Why You Should Be Drinking Charcoal

It’s likely that you’ve tried a charcoal soap or cleanser and thought of the ingredient as an odd choice, even in skin care, where anything goes so long as it promises results. In that case, here’s a real hair raiser for you: Several health professionals and experts are now touting charcoal as a must-try new ingredient in juices and supplements.

Instead of handing yourself over to a week-long—or even day-long—juice cleanse, you can supposedly get a pain-free (and gag-free) detox with charcoal. Juicing companies have been adding the not-so-typical product to their concoctions because of its detoxing benefits which have been proven to clear the skin, just as it does when used topically.

The first we heard of ingesting charcoal was with Juice Generation’s launch of their Beauty Bombs earlier this month. The collection includes three charcoal-infused juices as well as two clay-infused shooters—it does indeed seem like Shailene Woodley was on to something. “We had been tracking recent beauty trends for about six months and used the industry as our storyboard and inspiration,” says Eric Helms, founder and CEO of Juice Generation. “The less toxic our body is on the inside, the clearer and more radiant the skin on the exterior,” he explains. “Activated charcoal draws impurities out of the body, thanks to the millions of micro-pores that bind and remove toxins.” For its part, activated charcoal is simply charcoal that has been exposed to steam so it that it opens up and becomes more porous—hence, “activating.” This process allows the charcoal to absorb anything you’ve consumed before it’s been absorbed into the body.

All this information begs one very important question: How do we know that it’s safe to ingest charcoal? Actually, it’s been done for thousands of years. Consider the fact that “[doctors] give it to children in the hospital when they’ve ingested poison,” says Marcella Melnickuk, the co-founder of The Juice Standard, where they include the ingredient in their Bee Positive blend to prevent hangovers. Didn’t see that one coming, did you? “[Charcoal] is made up of negative ions so it grabs onto the positive ions in the poison. It just flushes it out of your system,” Melnickuk explains. Alcohol is one such toxin it works to flush out, preventing that regrettable hangover.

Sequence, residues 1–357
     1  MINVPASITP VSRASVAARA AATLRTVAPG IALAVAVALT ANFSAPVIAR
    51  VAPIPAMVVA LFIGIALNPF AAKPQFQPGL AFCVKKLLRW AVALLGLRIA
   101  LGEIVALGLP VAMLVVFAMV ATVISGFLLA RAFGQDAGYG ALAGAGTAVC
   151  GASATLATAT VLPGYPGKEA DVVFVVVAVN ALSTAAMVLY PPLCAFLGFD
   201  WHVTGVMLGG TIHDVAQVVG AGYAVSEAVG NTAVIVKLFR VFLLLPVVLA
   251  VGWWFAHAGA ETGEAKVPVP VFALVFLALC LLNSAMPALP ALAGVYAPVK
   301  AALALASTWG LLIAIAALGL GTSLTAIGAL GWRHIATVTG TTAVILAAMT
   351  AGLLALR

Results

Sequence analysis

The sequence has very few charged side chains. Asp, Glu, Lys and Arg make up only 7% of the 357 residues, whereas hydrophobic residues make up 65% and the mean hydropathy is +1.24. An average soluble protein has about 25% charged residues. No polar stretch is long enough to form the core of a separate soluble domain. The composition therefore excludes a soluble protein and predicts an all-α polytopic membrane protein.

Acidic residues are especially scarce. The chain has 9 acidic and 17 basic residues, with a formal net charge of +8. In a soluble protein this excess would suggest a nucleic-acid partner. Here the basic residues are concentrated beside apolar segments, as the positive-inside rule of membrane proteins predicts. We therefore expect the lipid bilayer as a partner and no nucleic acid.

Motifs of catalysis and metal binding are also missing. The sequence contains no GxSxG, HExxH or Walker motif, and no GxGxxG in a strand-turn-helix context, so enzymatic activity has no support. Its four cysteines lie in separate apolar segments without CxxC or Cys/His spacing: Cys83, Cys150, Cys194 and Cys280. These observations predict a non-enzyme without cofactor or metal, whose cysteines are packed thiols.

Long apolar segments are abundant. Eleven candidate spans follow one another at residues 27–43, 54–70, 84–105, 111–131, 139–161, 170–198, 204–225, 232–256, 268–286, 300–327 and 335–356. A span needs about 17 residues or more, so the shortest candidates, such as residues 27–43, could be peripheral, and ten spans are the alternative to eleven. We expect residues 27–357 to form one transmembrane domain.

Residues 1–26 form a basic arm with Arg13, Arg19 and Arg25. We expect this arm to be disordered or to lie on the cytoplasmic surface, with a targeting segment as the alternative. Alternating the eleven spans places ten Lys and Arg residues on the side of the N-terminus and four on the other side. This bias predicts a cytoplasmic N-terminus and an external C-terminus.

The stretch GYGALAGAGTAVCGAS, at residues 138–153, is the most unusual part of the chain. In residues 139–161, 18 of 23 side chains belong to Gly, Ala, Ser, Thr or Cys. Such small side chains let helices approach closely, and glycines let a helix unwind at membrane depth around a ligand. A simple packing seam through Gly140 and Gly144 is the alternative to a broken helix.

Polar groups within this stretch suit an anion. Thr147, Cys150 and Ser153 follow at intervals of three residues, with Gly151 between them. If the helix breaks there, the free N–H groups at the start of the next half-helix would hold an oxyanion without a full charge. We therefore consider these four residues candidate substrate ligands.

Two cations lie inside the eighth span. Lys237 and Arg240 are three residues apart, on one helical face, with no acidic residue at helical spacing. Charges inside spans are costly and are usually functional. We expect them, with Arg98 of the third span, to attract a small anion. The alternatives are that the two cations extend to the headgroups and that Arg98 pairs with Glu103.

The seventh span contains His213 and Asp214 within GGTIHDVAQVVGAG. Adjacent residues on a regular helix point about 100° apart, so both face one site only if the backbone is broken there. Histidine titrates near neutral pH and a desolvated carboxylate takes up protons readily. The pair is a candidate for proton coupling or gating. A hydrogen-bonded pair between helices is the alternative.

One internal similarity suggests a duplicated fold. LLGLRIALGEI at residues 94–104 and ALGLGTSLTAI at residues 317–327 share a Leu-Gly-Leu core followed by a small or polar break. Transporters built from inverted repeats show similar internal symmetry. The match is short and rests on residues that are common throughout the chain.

Dermatologists agree that when ingested, charcoal does work to detox, clearing the way for healthier skin. Comparing charcoal beverages to their topical counterparts, however, provides no real evidence as to which is more effective. “[Having] tried both topical and oral, [I] would probably lean toward a topical mask to draw out blackheads or skin clogs versus taking an oral concoction,” says New York City-based dermatologist Dr. Gervaise Gerstner M.D. A topical treatment allows you to pinpoint trouble areas, while a drink works on the body (and the digestive system) as a whole. Dermatologist Dr. Debra Jaliman M.D. recommends two must-haves—Biore Deep Pore Charcoal Cleanser ($6.99) and Erno Laszlo Sea Mud Deep Cleansing Bar ($45, ernolaszlo.com)—to purge the pores of impurities.

Whether applied topically or ingested, charcoal is certainly worth the purchase. We’ll drink to that.